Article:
Closed altarpiece. Left to right: before, during, and after restoration.
A newly expanded web application provides an amazingly close look at the Ghent Altarpiece.
By Alexandria Sivak / 11.07.2017
Senior Communications Specialist
J. Paul Getty Trust
Since 2012 it has been possible to zoom in on the intricate, breathtaking details of one of the most important works of art in the world, the Ghent Altarpiece, through the web application Closer to Van Eyck. Now, major enhancements offer even more ways to explore this important painting. Improvements include new images of the work under various stages of conservation treatment, a larger range of technical images, and the ability to see and compare multiple views of the painting at the same time.
Located at St. Bavo’s Cathedral in Ghent, Belgium, The Mystic Lamb of 1432 by Hubert and Jan van Eyck, also known as the Ghent Altarpiece, is a stunning and highly complex painting composed of multiple oak panels. Since 2010, several Getty Foundation grants awarded through its Panel Paintings Initiative have supported training and technical examination related to the structural conservation of the altarpiece, as well as the development of the web application using documentation generated during the study of the altarpiece.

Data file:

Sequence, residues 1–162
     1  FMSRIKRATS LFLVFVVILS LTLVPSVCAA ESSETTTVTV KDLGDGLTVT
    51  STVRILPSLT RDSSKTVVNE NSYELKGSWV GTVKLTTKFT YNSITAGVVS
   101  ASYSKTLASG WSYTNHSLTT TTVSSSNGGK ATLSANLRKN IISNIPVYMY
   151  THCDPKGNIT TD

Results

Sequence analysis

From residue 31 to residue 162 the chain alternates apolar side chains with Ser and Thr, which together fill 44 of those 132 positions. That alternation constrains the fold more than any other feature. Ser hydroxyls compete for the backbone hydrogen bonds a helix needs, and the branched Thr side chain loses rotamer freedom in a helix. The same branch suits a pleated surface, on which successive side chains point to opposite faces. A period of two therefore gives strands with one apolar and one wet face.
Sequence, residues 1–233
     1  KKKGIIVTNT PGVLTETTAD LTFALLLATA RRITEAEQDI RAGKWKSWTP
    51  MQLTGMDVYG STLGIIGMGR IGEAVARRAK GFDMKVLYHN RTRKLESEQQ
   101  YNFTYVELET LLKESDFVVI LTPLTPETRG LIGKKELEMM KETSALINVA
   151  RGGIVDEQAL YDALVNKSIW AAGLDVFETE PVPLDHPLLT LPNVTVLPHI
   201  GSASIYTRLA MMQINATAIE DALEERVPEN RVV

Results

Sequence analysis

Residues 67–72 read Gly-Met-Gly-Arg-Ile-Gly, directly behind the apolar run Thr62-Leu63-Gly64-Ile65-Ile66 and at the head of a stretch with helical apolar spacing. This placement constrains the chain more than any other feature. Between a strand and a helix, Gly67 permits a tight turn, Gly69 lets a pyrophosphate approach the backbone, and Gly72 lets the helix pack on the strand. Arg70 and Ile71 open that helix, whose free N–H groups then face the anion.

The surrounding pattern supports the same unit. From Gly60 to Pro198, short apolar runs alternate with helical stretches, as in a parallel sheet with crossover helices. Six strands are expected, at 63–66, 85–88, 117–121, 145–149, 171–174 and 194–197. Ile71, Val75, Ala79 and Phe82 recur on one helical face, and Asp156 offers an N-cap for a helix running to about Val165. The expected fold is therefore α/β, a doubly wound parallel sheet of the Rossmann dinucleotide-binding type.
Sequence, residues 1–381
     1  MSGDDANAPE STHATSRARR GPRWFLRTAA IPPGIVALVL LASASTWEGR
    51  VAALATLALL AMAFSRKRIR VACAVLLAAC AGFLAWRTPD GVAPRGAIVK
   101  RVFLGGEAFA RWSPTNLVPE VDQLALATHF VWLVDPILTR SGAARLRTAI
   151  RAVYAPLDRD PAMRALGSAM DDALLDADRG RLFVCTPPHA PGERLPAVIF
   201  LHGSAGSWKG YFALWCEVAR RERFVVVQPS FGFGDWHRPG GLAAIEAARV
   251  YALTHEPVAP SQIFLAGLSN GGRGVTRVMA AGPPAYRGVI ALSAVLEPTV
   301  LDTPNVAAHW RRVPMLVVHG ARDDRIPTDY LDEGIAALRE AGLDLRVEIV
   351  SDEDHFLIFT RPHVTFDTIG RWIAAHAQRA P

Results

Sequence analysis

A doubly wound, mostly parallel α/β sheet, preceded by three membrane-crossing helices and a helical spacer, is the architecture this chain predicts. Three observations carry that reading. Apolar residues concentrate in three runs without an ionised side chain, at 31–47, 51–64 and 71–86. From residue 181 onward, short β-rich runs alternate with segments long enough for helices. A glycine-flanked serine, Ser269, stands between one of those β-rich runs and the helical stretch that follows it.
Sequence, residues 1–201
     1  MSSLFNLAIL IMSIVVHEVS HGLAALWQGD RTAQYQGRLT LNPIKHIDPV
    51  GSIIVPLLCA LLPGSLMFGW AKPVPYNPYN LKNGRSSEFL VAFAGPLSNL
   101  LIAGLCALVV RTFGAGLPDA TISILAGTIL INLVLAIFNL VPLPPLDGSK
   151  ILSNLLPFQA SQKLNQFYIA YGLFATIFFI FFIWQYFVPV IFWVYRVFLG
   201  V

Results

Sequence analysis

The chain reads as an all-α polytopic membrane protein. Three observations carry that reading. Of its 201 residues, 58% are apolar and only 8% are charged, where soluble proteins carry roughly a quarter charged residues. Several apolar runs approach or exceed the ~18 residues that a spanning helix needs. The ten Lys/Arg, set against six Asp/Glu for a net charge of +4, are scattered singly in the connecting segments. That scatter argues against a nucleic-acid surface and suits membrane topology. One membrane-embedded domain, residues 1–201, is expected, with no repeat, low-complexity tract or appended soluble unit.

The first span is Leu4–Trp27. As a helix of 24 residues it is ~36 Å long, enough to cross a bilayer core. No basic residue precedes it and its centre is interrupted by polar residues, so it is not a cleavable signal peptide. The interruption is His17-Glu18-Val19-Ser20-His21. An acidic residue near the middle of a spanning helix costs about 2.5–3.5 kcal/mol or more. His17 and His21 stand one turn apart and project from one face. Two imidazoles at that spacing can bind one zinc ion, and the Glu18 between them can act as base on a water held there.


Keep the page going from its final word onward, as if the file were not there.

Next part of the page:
Detail face of Joos Vijd, IRR and photo
A collaboration among St. Bavo Cathedral’s Church Wardens, the Flemish government, the Royal Institute for Cultural Heritage and their partners led to the first, multi-year conservation treatment of the work in 2010. The panels and frames of the closed altarpiece were treated between 2012 and 2016 and the large-scale campaign now continues with the panels of the lower register of the open altarpiece. The Closer to Van Eyck web application launched in 2012, and recently received major updates to further reveal the painterly magic of Hubert and Jan Van Eyck.
The altarpiece can now be viewed online in visible light, infrared, infrared reflectograph, and X-radiograph, with sharper and higher resolution images. When visiting the site, you can adjust a timeline to view key moments in the conservation process, and simultaneously view images from before, during, and after conservation. You can also zoom in even closer than previously possible on details of the painting, exploring microscopic views of the work in 100 billion pixels. Take a tour of the site here.
Elisabeth Borluut before and after restoration
The conservation work led to the discovery that around 70% of Van Eyck’s original paint layer on the panels of the closed altarpiece had been hidden beneath overpaint for centuries, requiring painstaking removal. The removal of this paint is reflected in the images presented online.
John the Baptist in grisaille detail folds X-ray and photo
The web application Closer to Van Eyck is the result of the close collaboration of numerous institutions and individuals, listed here. More information about the Getty Foundation’s Panel Paintings Initiative is available here.